US 6565961 B2
An absorbent article containing a composite mixture of absorbent macroporous particles and binder particles. Preferably, the absorbent macroporous particles are those having a macroporous structure which allow for the rapid flow of liquid therein, e.g., aerogels, xerogels, cryogels, or mixtures thereof. The absorbent articles produced thereby are preferably thin and lightweight, but maintain an ample rate of absorption allowing for a more rapid uptake of higher volumes of liquids.
1. An absorbent article comprising: a first substrate and a laminate, wherein said laminate comprises a mixture of binder particles and absorbent macroporous particles.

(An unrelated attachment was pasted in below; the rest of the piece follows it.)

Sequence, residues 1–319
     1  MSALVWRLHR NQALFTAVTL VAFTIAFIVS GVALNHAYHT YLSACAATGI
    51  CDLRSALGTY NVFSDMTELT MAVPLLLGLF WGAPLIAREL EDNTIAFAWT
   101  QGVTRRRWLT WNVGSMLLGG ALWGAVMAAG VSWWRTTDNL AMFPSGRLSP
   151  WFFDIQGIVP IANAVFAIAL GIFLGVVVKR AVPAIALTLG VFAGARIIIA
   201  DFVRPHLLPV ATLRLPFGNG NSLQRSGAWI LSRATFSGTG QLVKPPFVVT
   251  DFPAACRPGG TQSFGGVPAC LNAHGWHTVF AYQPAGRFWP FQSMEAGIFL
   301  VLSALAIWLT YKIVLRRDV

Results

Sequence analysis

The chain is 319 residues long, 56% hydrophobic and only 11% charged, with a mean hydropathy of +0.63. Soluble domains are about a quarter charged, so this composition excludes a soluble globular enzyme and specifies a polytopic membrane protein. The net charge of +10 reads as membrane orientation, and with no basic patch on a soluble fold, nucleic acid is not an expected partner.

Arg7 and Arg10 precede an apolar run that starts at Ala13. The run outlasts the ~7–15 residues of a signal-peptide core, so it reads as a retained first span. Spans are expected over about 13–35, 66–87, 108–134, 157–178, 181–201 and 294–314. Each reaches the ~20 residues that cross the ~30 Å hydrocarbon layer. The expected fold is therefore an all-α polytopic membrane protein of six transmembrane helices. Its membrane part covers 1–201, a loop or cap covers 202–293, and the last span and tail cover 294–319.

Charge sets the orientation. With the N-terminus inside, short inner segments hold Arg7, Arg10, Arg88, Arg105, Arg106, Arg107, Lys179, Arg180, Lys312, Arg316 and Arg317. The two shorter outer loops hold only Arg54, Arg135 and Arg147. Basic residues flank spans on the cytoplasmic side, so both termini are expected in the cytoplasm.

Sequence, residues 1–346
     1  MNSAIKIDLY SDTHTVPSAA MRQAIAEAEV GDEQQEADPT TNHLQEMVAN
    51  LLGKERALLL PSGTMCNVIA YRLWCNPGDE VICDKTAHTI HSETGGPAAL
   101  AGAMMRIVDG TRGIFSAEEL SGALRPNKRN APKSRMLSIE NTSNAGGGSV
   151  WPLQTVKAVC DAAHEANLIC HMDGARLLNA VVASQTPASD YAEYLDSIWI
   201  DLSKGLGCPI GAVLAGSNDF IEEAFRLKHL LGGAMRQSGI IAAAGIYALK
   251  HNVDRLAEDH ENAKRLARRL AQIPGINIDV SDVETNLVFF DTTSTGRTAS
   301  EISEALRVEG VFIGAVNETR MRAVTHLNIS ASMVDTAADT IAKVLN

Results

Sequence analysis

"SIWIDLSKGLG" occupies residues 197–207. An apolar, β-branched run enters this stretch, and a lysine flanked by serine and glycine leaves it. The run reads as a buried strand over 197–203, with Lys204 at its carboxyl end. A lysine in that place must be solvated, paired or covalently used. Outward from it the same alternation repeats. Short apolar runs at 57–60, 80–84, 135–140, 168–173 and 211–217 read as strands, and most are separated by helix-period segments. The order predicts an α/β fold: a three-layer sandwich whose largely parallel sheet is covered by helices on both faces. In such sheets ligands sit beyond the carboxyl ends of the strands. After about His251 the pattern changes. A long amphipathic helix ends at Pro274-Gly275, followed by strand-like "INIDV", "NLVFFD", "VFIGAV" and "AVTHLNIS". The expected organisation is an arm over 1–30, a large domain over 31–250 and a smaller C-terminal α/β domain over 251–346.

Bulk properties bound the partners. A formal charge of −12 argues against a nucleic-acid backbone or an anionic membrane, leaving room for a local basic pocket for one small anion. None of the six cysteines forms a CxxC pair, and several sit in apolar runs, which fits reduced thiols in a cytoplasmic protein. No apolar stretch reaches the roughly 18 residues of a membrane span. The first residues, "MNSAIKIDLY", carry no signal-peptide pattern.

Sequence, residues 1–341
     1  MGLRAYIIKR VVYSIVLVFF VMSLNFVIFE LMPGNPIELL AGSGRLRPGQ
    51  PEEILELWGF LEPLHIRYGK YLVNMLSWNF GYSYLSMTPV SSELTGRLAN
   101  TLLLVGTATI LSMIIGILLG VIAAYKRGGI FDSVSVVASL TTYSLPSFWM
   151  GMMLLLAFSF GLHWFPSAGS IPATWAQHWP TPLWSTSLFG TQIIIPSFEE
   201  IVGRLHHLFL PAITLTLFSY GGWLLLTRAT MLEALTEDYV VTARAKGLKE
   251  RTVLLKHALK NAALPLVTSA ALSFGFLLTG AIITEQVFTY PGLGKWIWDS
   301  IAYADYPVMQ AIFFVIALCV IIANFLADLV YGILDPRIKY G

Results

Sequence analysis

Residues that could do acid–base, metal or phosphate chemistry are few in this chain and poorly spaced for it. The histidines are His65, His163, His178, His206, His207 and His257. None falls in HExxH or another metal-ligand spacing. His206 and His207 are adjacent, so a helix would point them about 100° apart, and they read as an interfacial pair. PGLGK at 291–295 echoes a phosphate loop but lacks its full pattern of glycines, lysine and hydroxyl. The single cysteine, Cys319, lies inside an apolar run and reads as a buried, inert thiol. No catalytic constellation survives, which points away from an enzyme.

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3. The absorbent article of
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14. An absorbent article comprising:
a first substrate; and
a laminate comprising a mixture of binder particles and absorbent macroporous particles wherein said binder particles are on average about 4 to about 25 times smaller than said absorbent macroporous particles.
This application is a continuation-in-part of co-pending U.S. patent application Ser. No. 09/358,183, filed Jul. 20, 1999 now U.S. Pat. No. 6,355,330, which is a continuation-in-part of U.S. patent application Ser. No. 08/903,395, filed Jul. 22, 1997, that issued as U.S. Pat. No. 6,077,588, which is a division of U.S. patent application Ser. No. 08/813,055, filed Mar. 7, 1997, that issued as U.S. Pat. No. 5,792,513.
I. Field of the Invention
The present invention relates generally to absorbent articles. Particularly, the present invention relates to absorbent articles containing macroporous absorbent materials that provide quick absorption and subsequent containment of liquid. More particularly, the present invention relates to absorbent articles containing aerogels.
II. Description of the Prior Art